The ninth annual Extraordinary Give, a marathon of online giving, will be held Friday. Since 2012, when the event was launched by the Lancaster County Community Foundation, county residents have given more than $53 million to more than 500 community benefit organizations through ExtraGive.org. The online giving will commence at 12:01 a.m. Friday and continue through 11:59 p.m. As Sam Bressi, president and CEO of the Lancaster County Community Foundation, wrote in a recent op-ed, “the Extraordinary Give ranks as the highest per capita giving day in the nation. Every year inspires more individuals to get involved and, thanks to Rodgers & Associates, High Foundation, LNP Media Group and The Steinman Foundation and our other corporate sponsors, every dollar donated on Nov. 20 will be stretched to go the extra mile for causes you care about.”
In most years, the Extraordinary Give feels like the festive start of the holiday season, a chance to give to others before giving thanks for the bounty we’ve been granted.
This year, it seems to us to be akin to a lighthouse — a beacon of hope, offering light in a dark time.
COVID-19 infections and hospitalizations are rising. Some schools are returning to virtual instruction because of substantial community spread of the novel coronavirus. Exhausted health care workers are risking their lives to take care of their patients. Business owners and employees are worried about the economic implications of the current pandemic surge. And the demands being placed on nonprofit organizations are great.
This is a chance to help the helpers. A chance to give in a year that seems to keep on taking.
And this year’s ExtraGive may be more necessary than ever before.
As Bressi noted in his op-ed, “The pandemic has forced our community benefit sector to forgo many important in-person fundraisers and cancel activities that typically provide essential financial support. So, Lancaster County, we need you to be all in.”
As we noted in an editorial earlier this month, “Nonprofits here help residents deal with developmental disabilities, poverty, loneliness, mental health problems and educational deficits. They assist the jobless, the homeless, the hungry and those struggling with addiction.”
And nonprofits “based around the arts, culture and history enrich our lives.”
So whether you want to give to an organization that offers shelter to people or animals, or a public library, or an arts or environmental or educational nonprofit, or a faith-based organization, or a local journalism fund — or any cause close to your heart — you will have plenty of options among those participating in the Extraordinary Give.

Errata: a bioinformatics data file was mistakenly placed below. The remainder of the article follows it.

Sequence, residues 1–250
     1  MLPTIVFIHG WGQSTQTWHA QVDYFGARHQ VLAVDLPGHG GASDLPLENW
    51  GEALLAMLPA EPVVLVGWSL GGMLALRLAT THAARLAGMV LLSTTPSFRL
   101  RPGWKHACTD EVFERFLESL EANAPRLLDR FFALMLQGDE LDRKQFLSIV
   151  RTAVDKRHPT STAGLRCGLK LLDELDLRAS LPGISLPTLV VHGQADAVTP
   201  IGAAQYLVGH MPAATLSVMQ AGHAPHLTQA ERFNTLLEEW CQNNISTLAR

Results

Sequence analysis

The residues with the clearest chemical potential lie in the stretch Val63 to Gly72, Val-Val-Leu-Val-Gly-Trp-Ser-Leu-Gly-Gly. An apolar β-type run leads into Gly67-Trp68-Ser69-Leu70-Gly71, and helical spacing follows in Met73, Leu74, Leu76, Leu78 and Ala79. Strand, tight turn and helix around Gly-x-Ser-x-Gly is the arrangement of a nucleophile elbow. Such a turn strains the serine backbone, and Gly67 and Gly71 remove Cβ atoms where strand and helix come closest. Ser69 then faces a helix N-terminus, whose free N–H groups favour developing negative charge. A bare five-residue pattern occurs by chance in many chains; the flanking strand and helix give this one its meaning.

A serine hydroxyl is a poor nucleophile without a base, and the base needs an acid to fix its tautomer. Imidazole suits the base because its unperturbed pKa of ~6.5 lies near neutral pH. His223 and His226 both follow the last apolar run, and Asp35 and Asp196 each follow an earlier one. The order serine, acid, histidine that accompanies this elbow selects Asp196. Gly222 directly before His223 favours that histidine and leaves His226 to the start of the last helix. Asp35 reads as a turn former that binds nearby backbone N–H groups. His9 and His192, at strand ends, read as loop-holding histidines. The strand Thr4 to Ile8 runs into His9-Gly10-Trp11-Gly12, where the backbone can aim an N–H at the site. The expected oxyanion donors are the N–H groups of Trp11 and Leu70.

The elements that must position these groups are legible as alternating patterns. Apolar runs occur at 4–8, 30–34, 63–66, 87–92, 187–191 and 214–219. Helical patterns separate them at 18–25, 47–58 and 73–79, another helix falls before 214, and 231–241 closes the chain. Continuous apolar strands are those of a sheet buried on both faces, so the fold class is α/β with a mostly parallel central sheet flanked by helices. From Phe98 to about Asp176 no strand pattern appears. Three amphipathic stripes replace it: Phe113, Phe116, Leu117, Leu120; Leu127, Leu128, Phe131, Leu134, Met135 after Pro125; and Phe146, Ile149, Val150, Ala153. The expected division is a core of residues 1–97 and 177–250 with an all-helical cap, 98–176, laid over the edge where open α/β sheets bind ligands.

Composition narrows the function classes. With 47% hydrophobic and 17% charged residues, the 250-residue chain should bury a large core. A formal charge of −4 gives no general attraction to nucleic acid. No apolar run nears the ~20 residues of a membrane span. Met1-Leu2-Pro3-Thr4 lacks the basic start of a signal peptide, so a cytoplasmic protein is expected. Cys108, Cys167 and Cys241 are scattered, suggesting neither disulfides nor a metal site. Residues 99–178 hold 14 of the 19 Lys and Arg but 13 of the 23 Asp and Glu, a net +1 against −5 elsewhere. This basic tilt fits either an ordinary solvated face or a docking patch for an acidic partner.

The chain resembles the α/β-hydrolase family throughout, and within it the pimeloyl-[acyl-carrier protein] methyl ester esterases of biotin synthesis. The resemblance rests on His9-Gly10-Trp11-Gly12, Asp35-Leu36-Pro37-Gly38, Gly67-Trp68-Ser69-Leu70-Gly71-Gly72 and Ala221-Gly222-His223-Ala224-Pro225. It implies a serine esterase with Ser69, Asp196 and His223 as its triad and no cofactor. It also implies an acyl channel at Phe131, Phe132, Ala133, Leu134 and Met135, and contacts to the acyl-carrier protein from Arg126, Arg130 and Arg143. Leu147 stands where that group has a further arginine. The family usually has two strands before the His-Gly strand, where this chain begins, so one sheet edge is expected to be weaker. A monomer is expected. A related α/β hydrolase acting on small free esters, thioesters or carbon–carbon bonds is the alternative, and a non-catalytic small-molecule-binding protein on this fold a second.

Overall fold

And your donation will be gratefully received in this difficult year.
Joe Arthur, executive director of the Central Pennsylvania Food Bank, said its network of partner organizations experienced a 50% increase in demand for food from mid-March through July.
Demand from August through October “settled back to generally 30 to 40% above last year,” he said. This was likely because federal coronavirus relief programs offered cash payments to households, enhanced unemployment benefits and increased food assistance benefits.
But this month, Arthur said, “we are seeing an increasing trend as we approach Thanksgiving, and we expect that trend of higher demand to continue due to the lack of agreement in Washington regarding more pandemic relief.”
And there’s the added concern that the fledgling economic recovery may be impeded by the latest COVID-19 surge.
Arthur said the food bank now is back to serving about 200,000 individuals per month — compared to 135,000 individuals per month in 2019. These include families, children, seniors and veterans. One in 10 people in central Pennsylvania face food insecurity, including 1 in 7 children.
Every dollar donated to the Central Pennsylvania Food Bank can be turned into six meals for people in need.
Not only the Central Pennsylvania Food Bank, but some of its partner organizations — including the Columbia Food Bank, Community Action Partnership of Lancaster County, Water Street Mission, Lancaster County Food Hub, Power Packs Project and Ephrata Area Social Services — will be seeking donations through ExtraGive.
As Bressi wrote, you’re encouraged to share “the fact that you are giving and why with your family, friends, co-workers, and social networks.”
Some of us may be reluctant to publicly announce that we’re giving, but sharing this information will help to amplify the Extraordinary Give’s message.
It’s not self-aggrandizing; it’s an act of generosity. Please consider taking part if you can.
Last year, the minimum donation was reduced to $10 — an excellent decision that enabled people with fewer resources to contribute. We’re glad to see that the $10 minimum has returned and will stay for good.
Please note: While in other years, the 24 hours of ExtraGive were filled with a packed schedule of events, some of those events have necessarily had to be modified because of the pandemic. And some will be held virtually this year.
Nevertheless, as LNP | LancasterOnline’s Pat Bywater reported, ExtraGive organizers have “developed a robust virtual programming schedule from 5 p.m. to midnight” Friday. Among the highlights: Art and Music Family Fun at 6 p.m. with artist Keisha Finnie and performer Steven Courtney; and the Extraordinary Finale, from 11:45 p.m. to midnight with featured band Mama Tried and the countdown to the 2020 ExtraGive total.
Despite the pandemic, it promises to be a great 24 hours — a much-needed bright spot in a bleak year.